Pinochet lawyers knew of lord's Amnesty link

Click to follow
The Independent Online

Solicitors acting for General Pinochet received material 10 months ago that one of the law lords who ruled against the former dictator was linked to Amnesty International, it was claimed last night.

Solicitors acting for General Pinochet received material 10 months ago that one of the law lords who ruled against the former dictator was linked to Amnesty International, it was claimed last night.

Today General Pinochet's counsel, instructed by the firm of solicitors Kingsley Napley, starts his appeal to the House of Lords to overturn the law lords' decision on the grounds of Lord Hoffmann's links to the human rights group. They are expected to say that if they had known of these links they would have asked Lord Hoffmann to stand down from the panel of five law lords considering their client's case for immunity from prosecution.

Amnesty International was represented in the Lords hearing as interveners, and argued against the general benefiting from immunity. Last night the organisation was given permission by the House of Lords to make representations at today's hearing.

The Independent has learnt that General Pinochet's petition is expected to say that he and his legal team were only informed that Lord Hoffmann is the chairman and director of Amnesty International Charity Limited on 8 December.

It can be revealed, however, that a letter openly stating Lord Hoffmann's role as chairman of Amnesty International Charity was sent to law firms, including Kingsley Napley, in an appeal for a building for Amnesty International in February this year.

In a prompt response Kingsley Napley pledged a donation of pounds 1,000 to the building fund later the same month after a discussion among partners.

The letter appealing for funds stated: "... Lord Hoffmann is chairman of Amnesty's International Charity and of this appeal. At his suggestion, we give it our warm endorsement". It was signed by, among others, the Lord Chancellor, Lord Irvine of Lairg; the Lord Chief Justice, Lord Bingham of Cornhill; and Lord Woolf, Master of the Rolls. Lord Bingham had ruled in favour of General Pinochet receiving immunity as a former head of state in the High Court before the case moved to the Lords.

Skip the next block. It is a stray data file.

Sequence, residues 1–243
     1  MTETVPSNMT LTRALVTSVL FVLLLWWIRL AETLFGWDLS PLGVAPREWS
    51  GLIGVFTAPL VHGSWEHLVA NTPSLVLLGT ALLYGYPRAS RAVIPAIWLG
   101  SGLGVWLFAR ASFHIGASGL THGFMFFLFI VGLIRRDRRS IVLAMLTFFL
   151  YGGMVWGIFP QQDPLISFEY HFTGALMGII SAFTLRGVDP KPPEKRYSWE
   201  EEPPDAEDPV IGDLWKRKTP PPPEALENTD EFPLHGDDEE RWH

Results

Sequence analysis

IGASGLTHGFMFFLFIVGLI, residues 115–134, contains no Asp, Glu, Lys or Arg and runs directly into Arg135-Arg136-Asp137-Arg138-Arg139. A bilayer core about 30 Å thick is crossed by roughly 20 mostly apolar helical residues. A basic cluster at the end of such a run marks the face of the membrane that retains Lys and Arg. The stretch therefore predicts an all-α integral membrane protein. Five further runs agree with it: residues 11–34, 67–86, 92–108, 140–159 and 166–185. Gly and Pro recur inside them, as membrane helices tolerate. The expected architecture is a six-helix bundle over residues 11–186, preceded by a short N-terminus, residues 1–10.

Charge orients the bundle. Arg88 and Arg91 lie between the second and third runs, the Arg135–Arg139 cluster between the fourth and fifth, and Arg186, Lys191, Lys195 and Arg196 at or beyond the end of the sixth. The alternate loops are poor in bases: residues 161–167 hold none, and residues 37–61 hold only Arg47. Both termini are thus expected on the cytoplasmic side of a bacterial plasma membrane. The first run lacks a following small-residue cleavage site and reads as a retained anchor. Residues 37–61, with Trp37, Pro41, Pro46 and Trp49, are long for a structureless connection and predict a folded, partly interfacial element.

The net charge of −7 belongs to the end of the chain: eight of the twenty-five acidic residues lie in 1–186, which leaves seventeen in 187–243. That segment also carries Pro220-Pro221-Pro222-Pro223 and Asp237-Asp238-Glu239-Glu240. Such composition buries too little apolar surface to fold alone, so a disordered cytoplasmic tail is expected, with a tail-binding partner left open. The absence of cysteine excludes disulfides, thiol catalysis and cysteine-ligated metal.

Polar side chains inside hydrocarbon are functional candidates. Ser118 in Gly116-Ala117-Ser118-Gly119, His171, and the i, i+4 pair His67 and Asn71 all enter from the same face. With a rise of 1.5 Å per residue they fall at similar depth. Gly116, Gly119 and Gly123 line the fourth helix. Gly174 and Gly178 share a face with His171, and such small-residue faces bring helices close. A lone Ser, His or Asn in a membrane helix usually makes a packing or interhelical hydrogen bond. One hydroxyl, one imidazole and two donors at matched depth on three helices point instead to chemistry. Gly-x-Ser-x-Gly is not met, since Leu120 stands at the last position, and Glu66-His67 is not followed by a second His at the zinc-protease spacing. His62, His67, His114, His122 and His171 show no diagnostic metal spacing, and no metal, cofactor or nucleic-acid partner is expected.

As well as Lord Hoffmann's role with the Amnesty charity his wife, Gillian, is employed as an administrative assistant with Amnesty International.

The human rights group maintains that the charity is purely a fund-raising body, and played no part in Amnesty's intervention in the Pinochet case. It also denied that Lord Hoffmann's wife was in any way involved in decisions on the matter.

General Pinochet's lawyers are expected to say today that Lord Hoffmann should have declared his connections with Amnesty and should not have sat on the case.

They are not accusing him of conscious bias against their client. But they are expected to refer to leading legal authorities who take into account "the insidious nature" of bias and how, in such circumstances, one might believe he was acting in good faith while being unconsciously affected by bias.

One of the authorities they call on is Lord Goff of Chieveley, who is sitting at today's hearing with Lord Browne- Wilkinson, Lord Hutton, Lord Hope of Criaghead and Lord Nolan.

Kingsley Napley has acknowledged that it has made a donation to Amnesty International.